Framing Obama: A Comparative Study of Keywords and Frames in Two Washington Newspapers
Independent thesis Basic level (degree of Bachelor), 10 credits / 15 HE creditsStudent thesis
This study aims to contribute to the understanding of ideology conveyed by lexical items and framing of texts. Since ideology is embedded in language the frames used in newspapers construct a narrow ideological perspective for the readers to interpret subjects and events through. On the basis of editorials from The Washington Post and The Washington Times that cover President Barack Obama, the study examines how the editorials differ in their framing of Obama and which discourses and keywords occur unusually frequently in each newspaper. Findings suggest that when it comes to framing, The Washington Post allows for a relatively balanced perspective on Obama as they both support and criticise him, while The Washington Times overwhelmingly condemns and attacks Obama. A keyword analysis points to unusually frequent discourses on race, conservatives and reforms in The Washington Post, and spending, unemployment and political institutions in The Washington Times. Because of their ideological differences the newspapers construct a reality where the subject, Obama, is presented in very different ways.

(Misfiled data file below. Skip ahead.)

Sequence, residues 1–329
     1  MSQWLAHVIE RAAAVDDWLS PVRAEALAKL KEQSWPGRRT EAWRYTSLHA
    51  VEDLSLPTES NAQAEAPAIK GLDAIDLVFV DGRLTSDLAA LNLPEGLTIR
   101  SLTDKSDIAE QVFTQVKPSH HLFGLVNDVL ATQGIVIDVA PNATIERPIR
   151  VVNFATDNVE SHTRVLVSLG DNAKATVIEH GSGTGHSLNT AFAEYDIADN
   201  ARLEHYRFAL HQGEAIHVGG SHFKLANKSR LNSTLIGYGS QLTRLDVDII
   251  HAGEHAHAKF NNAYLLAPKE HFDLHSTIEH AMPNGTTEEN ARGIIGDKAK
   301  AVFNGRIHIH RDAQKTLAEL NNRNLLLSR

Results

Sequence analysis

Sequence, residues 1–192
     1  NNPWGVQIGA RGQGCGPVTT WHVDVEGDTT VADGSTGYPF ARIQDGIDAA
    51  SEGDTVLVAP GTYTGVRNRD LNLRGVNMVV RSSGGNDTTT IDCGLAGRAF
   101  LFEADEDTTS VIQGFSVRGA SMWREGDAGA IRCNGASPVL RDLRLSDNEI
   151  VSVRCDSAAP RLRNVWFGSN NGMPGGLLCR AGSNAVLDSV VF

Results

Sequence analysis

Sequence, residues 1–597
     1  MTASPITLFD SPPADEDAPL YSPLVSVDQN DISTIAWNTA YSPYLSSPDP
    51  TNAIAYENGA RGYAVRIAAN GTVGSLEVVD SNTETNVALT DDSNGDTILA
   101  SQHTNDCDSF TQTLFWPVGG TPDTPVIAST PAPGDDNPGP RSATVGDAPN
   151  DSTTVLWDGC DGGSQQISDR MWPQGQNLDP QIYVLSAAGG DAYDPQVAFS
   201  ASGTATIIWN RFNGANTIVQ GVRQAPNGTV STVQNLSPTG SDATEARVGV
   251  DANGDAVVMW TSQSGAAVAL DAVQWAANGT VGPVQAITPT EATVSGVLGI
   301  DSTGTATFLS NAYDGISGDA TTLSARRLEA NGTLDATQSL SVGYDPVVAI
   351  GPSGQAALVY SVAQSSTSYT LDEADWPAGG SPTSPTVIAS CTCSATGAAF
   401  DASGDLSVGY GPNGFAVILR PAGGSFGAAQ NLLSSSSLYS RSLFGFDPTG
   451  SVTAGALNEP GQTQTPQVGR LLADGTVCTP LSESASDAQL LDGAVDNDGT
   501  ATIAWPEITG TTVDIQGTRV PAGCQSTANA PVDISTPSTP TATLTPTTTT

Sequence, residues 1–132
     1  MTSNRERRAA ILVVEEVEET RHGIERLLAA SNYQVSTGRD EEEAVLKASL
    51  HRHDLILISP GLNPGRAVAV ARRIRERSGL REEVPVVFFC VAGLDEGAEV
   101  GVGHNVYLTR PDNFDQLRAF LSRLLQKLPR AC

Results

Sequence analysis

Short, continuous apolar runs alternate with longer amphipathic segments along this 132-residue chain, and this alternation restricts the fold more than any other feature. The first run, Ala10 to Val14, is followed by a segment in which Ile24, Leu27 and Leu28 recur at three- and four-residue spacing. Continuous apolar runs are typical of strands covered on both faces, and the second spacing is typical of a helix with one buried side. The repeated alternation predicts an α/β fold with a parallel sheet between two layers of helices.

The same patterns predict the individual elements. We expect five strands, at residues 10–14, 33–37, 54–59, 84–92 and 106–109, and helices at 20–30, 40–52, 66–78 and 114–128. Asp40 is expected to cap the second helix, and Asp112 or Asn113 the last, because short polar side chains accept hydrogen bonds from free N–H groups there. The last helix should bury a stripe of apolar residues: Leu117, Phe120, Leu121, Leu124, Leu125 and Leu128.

Place, publisher, year, edition, pages
The Washington Post, The Washington Times, President Barack Obama, editorials, corpus linguistics, keyword analysis, framing
Languages and Literature
IdentifiersURN: urn:nbn:se:su:diva-70148OAI: oai:DiVA.org:su-70148DiVA: diva2:479520